Being couch potato actually sharpens your brain: Study
New York: It is often advised not to sit for prolonged hours, but a new study has challenged the ‘couch potato’ belief, saying when it comes to the brain and cognition abilities, some sedentariness are not all that bad so long as basic physical activity benchmarks are met.
The study could be a bit of good news for a population that spend a significant amount of time sitting for work and for leisure, streaming their favourite movies and TV shows in these times of social distancing.
The research from assistant professor Aga Burzynska in the Colorado State University examined the association between sensor-measured physical activity and cognitive performance in a sample of 228 healthy older adults, aged 60 to 80.
Published in the journal ‘Psychology and Aging’, the results showed that as expected, adults who engaged in more moderate-to-vigorous activity had better speed, memory and reasoning abilities.
However, the data also revealed that adults who spent more time sedentary performed better on vocabulary and reasoning tasks.
The association between increased physical activity and improved cardiovascular and metabolic health is one that’s well documented, according to Burzynska.
But the link between different intensities of daily physical activity and cognitive health is less understood, especially in older adults.
“We know that as we grow older, even if we do not have any cognitive impairments, people aged 60 and up already show some decreases in speed, executive functioning, and memory.
“Those decreases are totally within a normal range, but this study was looking to understand how our behaviors and habits may correlate with cognitive outcomes in older age,” said Burzynska.
What differentiates this study from others is the way the researchers measured daily physical activity, using scientifically validated sensors that are more accurate than the average, consumer-based activity tracker.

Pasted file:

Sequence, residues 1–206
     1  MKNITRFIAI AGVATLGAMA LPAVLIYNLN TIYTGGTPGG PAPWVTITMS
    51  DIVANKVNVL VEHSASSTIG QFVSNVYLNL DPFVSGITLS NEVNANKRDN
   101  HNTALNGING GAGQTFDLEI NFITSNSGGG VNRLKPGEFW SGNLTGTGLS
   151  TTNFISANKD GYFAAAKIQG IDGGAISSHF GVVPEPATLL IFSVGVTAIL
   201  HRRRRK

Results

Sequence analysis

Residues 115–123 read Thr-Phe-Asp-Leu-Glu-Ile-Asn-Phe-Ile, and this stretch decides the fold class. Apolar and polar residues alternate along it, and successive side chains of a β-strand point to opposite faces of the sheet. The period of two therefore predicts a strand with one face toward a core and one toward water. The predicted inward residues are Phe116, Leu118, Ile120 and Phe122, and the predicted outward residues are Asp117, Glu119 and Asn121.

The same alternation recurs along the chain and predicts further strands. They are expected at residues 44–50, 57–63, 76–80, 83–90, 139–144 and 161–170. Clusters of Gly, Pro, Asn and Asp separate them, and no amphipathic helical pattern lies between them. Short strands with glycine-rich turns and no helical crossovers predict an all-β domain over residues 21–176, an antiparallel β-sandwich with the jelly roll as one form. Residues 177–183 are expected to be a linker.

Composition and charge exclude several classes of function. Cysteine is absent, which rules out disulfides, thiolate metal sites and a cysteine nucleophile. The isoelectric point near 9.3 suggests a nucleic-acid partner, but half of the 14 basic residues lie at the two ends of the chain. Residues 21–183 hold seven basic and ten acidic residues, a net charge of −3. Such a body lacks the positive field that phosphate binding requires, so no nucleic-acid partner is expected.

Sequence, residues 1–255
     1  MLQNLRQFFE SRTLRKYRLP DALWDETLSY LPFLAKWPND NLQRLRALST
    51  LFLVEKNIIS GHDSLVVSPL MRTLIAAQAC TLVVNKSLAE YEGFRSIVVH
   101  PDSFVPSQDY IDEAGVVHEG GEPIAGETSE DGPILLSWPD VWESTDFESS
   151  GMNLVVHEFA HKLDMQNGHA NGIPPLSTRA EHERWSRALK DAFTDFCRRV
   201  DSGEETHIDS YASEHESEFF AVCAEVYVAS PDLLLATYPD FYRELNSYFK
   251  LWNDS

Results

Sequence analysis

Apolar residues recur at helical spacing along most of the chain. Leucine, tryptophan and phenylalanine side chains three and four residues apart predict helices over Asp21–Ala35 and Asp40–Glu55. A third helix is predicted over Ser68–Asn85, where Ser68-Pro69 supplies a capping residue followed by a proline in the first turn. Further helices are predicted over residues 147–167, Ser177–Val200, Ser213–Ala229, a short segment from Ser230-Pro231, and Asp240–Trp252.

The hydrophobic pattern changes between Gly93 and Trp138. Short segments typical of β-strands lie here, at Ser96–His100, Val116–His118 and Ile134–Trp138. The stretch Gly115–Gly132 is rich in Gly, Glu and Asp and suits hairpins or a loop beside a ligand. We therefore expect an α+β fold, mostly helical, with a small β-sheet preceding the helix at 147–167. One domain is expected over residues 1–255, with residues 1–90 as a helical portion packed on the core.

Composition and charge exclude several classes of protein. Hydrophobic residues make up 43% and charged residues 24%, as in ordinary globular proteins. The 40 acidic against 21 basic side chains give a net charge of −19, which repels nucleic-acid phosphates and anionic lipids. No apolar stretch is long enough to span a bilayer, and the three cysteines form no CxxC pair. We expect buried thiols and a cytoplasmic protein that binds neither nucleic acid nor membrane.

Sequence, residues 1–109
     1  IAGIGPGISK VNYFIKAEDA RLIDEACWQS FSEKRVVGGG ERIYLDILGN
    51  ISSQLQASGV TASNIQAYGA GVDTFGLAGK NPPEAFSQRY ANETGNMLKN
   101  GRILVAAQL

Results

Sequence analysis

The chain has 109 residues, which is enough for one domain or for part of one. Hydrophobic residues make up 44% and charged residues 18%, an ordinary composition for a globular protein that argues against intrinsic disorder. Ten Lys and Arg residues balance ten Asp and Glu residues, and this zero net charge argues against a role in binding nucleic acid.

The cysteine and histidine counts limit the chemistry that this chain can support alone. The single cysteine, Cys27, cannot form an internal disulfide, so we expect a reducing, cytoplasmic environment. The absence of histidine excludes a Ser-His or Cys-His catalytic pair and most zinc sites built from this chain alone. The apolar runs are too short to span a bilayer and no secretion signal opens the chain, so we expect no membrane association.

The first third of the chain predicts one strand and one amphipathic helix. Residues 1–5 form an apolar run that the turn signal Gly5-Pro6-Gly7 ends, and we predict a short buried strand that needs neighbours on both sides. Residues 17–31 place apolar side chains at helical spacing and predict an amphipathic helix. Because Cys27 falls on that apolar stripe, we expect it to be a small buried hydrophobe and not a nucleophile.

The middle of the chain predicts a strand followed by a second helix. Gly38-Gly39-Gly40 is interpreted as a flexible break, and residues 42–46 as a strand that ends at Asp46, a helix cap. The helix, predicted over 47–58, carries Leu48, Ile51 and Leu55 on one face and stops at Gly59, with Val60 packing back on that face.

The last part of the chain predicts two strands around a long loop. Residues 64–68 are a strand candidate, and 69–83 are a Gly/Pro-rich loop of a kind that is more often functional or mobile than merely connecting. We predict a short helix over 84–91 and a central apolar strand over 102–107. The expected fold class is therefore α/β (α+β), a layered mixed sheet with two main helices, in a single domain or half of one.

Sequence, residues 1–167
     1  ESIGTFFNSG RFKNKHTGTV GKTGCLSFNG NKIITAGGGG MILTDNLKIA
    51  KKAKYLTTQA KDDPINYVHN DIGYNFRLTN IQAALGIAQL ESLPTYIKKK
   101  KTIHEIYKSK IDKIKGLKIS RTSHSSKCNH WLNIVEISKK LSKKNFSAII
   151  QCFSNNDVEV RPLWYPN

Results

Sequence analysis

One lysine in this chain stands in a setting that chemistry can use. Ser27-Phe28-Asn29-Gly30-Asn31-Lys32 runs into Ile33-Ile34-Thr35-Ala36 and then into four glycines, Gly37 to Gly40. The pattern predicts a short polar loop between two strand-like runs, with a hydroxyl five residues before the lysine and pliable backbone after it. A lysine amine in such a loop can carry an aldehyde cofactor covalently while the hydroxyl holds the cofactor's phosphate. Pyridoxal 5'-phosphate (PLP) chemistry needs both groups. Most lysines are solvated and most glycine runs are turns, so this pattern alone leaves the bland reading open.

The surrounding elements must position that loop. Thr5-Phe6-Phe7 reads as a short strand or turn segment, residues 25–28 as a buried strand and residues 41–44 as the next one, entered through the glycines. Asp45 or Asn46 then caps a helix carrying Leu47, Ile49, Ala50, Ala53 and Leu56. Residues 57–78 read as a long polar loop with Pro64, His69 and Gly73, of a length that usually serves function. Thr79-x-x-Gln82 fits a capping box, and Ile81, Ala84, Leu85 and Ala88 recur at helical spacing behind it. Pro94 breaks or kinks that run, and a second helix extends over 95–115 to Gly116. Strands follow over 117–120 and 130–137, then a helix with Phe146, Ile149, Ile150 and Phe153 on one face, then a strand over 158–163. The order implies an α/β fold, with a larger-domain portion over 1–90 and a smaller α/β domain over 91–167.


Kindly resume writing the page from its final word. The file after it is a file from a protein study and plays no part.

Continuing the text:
“If you ask, ‘How long did you sit today?’ people will perhaps say 2 to 3 hours when the reality is more like 6 to 8 hours,” Burzynska said.
The study employed a broad assessment that tested 16 cognitive tasks.
In addition, they measured and controlled for socioeconomic and health factors, such as employment status, income level, aerobic fitness, blood pressure, and mobility issues.
Older adults who participated in the study wore the sensor on their hip for a span of seven days, during which the sensor captured the daily time they spent sitting or in light versus moderate-to-vigorous physical activity.
“Our study has pretty high-quality measures that cannot be done ‘quick and dirty’,” Burzynska added.
There’s this big push within health and wellness that sitting is always bad for your body, that being a couch potato is not good.
“While earlier studies indicated that the brains of those who spend more time sitting may age faster, it seems that on the cognitive level, sitting time may also be meaningful,” the authors wrote.
However, future studies are needed to determine how exactly the participants spent their time sitting before any definitive conclusions can be made about sedentary activity and cognitive health.
In the quest for long-term brain health, it seems balance is the answer.
“When you exercise, enjoy your exercise. Maybe sometimes think, ‘Yeah I’m going to go sit now and enjoy a really good book,” Burzynska said.